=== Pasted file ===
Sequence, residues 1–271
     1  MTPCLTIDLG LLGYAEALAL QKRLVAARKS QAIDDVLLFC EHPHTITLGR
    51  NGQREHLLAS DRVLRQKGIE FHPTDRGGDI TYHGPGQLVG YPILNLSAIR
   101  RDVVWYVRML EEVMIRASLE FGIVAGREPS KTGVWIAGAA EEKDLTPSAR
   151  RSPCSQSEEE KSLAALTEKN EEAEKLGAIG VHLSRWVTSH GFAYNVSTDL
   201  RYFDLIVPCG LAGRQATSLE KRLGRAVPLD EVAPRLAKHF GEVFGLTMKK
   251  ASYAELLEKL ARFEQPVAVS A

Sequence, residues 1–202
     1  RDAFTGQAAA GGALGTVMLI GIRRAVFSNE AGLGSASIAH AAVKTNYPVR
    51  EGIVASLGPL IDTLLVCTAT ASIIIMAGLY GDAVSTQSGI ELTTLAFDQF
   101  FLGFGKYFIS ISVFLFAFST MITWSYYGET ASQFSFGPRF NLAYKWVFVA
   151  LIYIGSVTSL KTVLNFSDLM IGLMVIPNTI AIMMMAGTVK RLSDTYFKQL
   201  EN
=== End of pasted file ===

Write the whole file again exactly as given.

Sequence, residues 1–271
     1  MTPCLTIDLG LLGYAEALAL QKRLVAARKS QAIDDVLLFC EHPHTITLGR
    51  NGQREHLLAS DRVLRQKGIE FHPTDRGGDI TYHGPGQLVG YPILNLSAIR
   101  RDVVWYVRML EEVMIRASLE FGIVAGREPS KTGVWIAGAA EEKDLTPSAR
   151  RSPCSQSEEE KSLAALTEKN EEAEKLGAIG VHLSRWVTSH GFAYNVSTDL
   201  RYFDLIVPCG LAGRQATSLE KRLGRAVPLD EVAPRLAKHF GEVFGLTMKK
   251  ASYAELLEKL ARFEQPVAVS A

Sequence, residues 1–202
     1  RDAFTGQAAA GGALGTVMLI GIRRAVFSNE AGLGSASIAH AAVKTNYPVR
    51  EGIVASLGPL IDTLLVCTAT ASIIIMAGLY GDAVSTQSGI ELTTLAFDQF
   101  FLGFGKYFIS ISVFLFAFST MITWSYYGET ASQFSFGPRF NLAYKWVFVA
   151  LIYIGSVTSL KTVLNFSDLM IGLMVIPNTI AIMMMAGTVK RLSDTYFKQL
   201  EN